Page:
Northern Luzon is known for its Cordillera mountain range composes of all provinces of Abra, Apayao, Benguet, Ifugao, Kalinga and Mountain Province. There is the famous Mt. Pulag, 3rd highest peak in the Philippines lies. Yet another mountain lover destination is becoming popular to both experienced and first timer mountaineer – Mt. Ulap.
Located 16.2904 N, 120.6312 E, 1,846 meters above sea level which showcases grassland, panoramic view of cordillera mountain, pines ridges and rocky edges landscape. From the grassland slopes of Ambunao Paoay to rocky deges of Gungal Rock, and then to the highest point, Mt. Ulap, such a nature beauty.
Pointers to remember.
- The traverse is a bit tricky with uphill and downhill climb. Be sure to make use of a good pair of hiking shoes. Regular running shoes is fine and be more careful won’t hurt you.
- Be sure to have some heavy breakfast before you set foot for a hike. You don’t want to go back and spoil your first climb with embarrassing moment.
- Bottled water is a must.
- You may also want to bring some food to eat for lunch.
- Keep in mind the Seven Leave No Trace Principles.
- Plan ahead and prepare.
- Travel and camp on durable surfaces.
- Dispose of waste properly.
- Leave what you find.
- Minimize campfire impacts (be careful with fire).
- Respect wildlife.
- Be considerate of other visitors.
- Be extra careful when taking pictures at the Gungal Rock.
- From Victory bus terminal, you can take a taxi going to Ampucao Jeepney Terminal which is located in Lakandula Street near Baguio Center Mall. 10 minutes.
- Take a jeepney going to Ampucao High School for Php.31.00, Php.29.00 for students. Travel time is approximately 45 minutes.
- Quick detour to barangay hall inside the school premises to pay the registration fee for Php. 100.00 per person and secure a guide for Php.400.00. That should take you approximately 30 minutes.
- After securing necessary fees, from barangay hall to jump off (entry point) is about 10-15 minute walk.
- Start the trek. The first part is an uphill climb through slopes. Thick pine trees give you shed from sunlight. The trail goes up and soon becomes scenic with views of Mt. Sto. Tomas and Baguio City, Mt. Pulag and Mt. Arayat.
1 to 2 hours.
- First peak is the Mt. Paoay. It came from paoay grass which is abundant in the area.
1 to 2 hours.
- Reach Gungal rock. Gungal is a local dialect which literally means missing one front tooth. It was said that the Gungal rock was once a big chunk of rock but because of 1990 earthquake, the facade of this rock was damaged losing a tooth, locals started to call it ‘gungal’ henceforth.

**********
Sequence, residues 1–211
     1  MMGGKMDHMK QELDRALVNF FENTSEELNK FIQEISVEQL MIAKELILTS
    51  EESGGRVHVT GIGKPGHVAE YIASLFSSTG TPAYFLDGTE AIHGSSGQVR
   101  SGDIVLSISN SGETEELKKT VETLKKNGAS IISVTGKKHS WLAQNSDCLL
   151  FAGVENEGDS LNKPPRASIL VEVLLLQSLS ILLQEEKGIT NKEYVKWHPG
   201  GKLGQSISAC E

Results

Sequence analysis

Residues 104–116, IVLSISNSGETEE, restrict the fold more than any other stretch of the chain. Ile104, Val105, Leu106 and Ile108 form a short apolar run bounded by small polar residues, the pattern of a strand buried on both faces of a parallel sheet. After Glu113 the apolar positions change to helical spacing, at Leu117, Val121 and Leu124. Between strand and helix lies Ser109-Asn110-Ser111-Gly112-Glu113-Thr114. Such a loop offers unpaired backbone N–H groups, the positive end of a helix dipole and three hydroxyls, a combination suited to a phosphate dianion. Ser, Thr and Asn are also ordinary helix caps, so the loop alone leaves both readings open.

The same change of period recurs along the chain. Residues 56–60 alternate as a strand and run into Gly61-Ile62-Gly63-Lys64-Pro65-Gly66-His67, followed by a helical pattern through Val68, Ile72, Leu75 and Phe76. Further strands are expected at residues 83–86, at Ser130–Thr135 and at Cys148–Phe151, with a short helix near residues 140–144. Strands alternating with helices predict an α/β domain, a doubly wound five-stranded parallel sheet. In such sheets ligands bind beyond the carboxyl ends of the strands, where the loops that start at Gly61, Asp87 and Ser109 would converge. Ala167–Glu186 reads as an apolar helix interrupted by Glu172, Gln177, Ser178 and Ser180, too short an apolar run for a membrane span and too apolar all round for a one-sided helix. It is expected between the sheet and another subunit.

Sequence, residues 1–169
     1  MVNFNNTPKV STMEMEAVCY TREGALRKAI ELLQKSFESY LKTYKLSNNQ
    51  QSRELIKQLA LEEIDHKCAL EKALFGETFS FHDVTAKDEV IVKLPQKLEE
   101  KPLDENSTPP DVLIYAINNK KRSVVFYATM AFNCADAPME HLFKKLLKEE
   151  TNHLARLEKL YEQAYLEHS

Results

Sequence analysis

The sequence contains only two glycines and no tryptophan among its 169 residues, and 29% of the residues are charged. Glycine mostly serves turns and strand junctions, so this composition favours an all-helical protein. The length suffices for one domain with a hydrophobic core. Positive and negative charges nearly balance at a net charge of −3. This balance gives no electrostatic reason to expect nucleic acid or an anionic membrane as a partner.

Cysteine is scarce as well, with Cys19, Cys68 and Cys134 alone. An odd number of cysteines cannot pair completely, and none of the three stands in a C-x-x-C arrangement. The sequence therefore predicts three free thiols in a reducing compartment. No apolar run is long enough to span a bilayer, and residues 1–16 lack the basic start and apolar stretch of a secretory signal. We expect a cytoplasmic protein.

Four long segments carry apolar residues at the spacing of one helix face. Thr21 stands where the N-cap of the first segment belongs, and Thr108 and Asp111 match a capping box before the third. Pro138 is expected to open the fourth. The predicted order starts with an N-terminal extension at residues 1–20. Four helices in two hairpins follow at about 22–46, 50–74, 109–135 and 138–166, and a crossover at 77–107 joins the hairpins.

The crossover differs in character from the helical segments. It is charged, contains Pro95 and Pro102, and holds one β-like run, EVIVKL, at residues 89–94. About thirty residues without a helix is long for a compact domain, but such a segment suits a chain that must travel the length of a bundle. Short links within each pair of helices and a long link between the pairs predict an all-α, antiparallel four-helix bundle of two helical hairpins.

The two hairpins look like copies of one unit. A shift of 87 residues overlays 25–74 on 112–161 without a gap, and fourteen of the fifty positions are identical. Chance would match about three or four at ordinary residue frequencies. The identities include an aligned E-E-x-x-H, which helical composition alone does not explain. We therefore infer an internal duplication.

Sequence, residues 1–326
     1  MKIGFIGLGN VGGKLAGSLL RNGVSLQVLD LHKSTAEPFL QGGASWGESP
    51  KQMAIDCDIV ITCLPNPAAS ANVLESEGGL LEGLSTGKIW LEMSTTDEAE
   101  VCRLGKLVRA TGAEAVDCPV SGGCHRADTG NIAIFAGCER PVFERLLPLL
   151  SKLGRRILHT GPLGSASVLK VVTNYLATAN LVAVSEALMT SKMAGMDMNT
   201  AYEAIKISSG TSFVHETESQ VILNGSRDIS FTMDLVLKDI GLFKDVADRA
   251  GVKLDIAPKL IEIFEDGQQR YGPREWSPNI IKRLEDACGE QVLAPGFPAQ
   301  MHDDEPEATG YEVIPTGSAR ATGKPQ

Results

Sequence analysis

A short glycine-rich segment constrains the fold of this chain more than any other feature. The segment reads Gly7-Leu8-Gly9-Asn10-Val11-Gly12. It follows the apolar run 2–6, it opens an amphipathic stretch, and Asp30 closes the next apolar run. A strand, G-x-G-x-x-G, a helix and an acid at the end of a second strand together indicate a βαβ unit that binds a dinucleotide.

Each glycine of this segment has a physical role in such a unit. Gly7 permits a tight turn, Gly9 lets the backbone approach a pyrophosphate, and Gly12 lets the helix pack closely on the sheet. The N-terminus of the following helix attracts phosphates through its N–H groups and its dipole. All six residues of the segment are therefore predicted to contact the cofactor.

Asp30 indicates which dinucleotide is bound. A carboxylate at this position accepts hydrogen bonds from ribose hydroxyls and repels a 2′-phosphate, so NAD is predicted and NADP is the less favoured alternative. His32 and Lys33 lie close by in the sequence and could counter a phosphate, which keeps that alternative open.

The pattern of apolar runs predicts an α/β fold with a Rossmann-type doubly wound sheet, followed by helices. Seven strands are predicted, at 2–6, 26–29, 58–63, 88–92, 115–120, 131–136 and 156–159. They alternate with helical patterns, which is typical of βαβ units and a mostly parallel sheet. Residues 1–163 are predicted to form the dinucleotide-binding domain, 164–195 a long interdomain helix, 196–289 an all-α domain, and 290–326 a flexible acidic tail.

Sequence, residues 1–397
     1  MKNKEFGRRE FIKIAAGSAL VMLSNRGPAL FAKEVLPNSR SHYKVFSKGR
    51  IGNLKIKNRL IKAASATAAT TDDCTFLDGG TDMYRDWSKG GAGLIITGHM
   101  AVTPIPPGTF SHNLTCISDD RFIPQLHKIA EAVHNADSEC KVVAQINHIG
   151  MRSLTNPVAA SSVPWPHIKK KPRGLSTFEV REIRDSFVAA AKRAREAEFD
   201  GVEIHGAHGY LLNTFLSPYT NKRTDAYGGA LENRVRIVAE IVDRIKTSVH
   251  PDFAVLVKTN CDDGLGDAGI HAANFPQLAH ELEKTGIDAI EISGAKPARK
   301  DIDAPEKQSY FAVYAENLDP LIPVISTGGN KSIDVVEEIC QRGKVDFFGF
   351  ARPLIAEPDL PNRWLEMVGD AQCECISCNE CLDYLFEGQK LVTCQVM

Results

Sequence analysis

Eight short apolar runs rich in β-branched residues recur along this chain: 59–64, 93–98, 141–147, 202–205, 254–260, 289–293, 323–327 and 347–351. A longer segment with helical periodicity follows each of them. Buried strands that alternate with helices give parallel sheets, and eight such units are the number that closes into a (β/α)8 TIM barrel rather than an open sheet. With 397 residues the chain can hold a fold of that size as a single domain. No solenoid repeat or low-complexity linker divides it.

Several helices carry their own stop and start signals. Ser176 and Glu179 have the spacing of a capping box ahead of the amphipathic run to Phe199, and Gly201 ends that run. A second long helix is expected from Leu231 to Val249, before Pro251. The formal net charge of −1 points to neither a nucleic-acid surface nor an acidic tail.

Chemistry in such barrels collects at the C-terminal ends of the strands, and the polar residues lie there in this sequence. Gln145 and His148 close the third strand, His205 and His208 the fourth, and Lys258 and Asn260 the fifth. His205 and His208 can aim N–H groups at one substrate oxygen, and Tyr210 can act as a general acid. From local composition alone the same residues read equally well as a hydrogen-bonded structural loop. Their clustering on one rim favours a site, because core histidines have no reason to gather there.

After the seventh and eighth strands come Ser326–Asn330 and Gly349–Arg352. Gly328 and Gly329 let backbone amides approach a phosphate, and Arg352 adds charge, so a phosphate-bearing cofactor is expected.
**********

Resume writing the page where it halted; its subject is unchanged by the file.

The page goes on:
1 to 2 hours.
- Highest peak is Mt. Ulap.
Well, our guide Randy told us that this area was not called Mt. Ulap then. This was only named Mt. Ulap because of this. (See picture below)
- Start a downward hill to exit point in Sta Fe. About 2 hours.
1 to 2 hours. I think this is the most difficult part because of a downhill slope. Any mistake step can be really fatal. As our guide Randy always remind us said, “May kapupulutan ka” and for sure there is.
- When you reached the cement pathway and hanging bridges you are now very close to exit point at Sta. Fe. where you can rest, have snacks, congratulate each other and prepare for heading back to Baguio town proper.
Local management allow hikers to set up camp at the mountain. Just below summit is a place selected for campers to set tents. An overnight camp fee of Php.800.00 and a guide fee of Php.500.00 are required.
Things I Like.
- Management come prepared in worst case scenarios. During our hike, one of the hiker from the other group got sprain ankle, the local guides immediately went to rescue with stretcher. Note, they are paid extra for that but it is the local management who pays them taken from the fees paid by the hikers. It will be your good will gesture if you want to give them anything as “thank you” but they are not expecting any at all.
- Cellular signal is available in most parts of the trail.Amazing!
- Guides are friendly and accommodating.
- Local management takes care of the mountaineers.
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